A second skeleton deployment of Anchore will need to be deployed in a connected environment to sync the feeds. This deployment doesn’t need to spin up any of the services that will scan images or generate policy results and can therefore be done on a smaller instance. This deployment will reach out to the internet and build the feeds database. 

The only major consideration that needs to be taken into consideration with this connected deployment is it needs to be running on the same version of PostgreSQL as the disconnected deployment in order to ensure complete compatibility.


Once the two deployments are provisioned, the general workflow will be the following:

First, allow the feeds to sync on the connected environment. Once the feeds are synced, dump out the entire feeds database and transfer it to the disconnected environment through the method typically used for your environment. 

When the file is available on the high-side, transfer it to the feed database instance Anchore uses. When it’s finished transferring, perform a PostgreSQL restore and the feeds will be available.

Automation Process

To mimic how Anchore syncs feeds in a connected environment, many people choose to automate some of all of the workflow described previously. A cronjob can be set up to run the backup along with a push to an automated cross domain solution like those available in AWS GovCloud. From there, the air gapped deployment can be scheduled to look at that location and perform the feed restore on a regular cadence.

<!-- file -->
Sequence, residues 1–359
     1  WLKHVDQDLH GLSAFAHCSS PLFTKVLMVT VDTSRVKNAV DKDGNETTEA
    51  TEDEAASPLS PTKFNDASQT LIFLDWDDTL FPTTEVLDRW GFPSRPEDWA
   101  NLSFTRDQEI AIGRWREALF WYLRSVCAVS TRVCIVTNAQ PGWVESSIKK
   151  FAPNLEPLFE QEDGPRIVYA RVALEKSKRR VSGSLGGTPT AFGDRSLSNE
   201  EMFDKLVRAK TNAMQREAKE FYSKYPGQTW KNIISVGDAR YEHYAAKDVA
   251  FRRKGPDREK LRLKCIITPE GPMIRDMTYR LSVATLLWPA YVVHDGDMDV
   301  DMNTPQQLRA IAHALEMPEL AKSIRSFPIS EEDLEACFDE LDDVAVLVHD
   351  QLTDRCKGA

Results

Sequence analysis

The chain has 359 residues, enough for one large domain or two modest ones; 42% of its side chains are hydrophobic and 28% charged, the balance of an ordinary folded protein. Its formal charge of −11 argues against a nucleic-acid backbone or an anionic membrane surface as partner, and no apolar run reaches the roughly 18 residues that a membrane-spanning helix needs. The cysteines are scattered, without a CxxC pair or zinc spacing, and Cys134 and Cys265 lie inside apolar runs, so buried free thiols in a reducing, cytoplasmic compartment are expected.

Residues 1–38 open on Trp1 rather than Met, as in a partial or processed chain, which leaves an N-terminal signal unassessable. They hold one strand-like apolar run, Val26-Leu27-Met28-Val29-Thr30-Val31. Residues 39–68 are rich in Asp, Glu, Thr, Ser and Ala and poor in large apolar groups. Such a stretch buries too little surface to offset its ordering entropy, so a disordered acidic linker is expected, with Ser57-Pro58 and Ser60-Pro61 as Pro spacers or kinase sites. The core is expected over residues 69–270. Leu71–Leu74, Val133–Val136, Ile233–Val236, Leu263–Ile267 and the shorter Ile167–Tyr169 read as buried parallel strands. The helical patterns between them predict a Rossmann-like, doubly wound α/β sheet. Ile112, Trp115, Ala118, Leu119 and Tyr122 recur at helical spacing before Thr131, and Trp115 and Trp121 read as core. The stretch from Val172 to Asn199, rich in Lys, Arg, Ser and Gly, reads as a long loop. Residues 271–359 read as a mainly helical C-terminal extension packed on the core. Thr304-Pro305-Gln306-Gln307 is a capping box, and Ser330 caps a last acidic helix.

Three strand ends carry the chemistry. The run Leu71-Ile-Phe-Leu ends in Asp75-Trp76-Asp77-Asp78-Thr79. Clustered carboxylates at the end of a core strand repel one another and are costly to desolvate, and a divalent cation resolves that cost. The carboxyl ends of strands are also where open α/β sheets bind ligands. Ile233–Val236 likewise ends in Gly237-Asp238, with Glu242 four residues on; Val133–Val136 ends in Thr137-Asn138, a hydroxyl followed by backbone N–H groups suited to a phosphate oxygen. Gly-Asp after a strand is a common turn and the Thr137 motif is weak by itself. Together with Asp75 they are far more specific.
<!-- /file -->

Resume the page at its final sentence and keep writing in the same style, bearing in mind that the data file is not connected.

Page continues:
While not every organization counts the Impossible Missions Force (IMF) as an adversary, the practice of air gapping remains a vital strategy for many entities that handle highly sensitive information. By deploying Anchore Enterprise/Federal in an air gapped network, organizations can achieve an optimal balance between the robust security of air gapping and the efficiency of automated software composition analysis. This combination ensures that even the most secure environments can benefit from cutting-edge software supply chain security.

Air gapping is only one of a catalog security practices that are necessary for systems that handle classified government data. If you're interested to learn more about the other requirements, check out our white paper on best practices for container images in DoD-grade environments.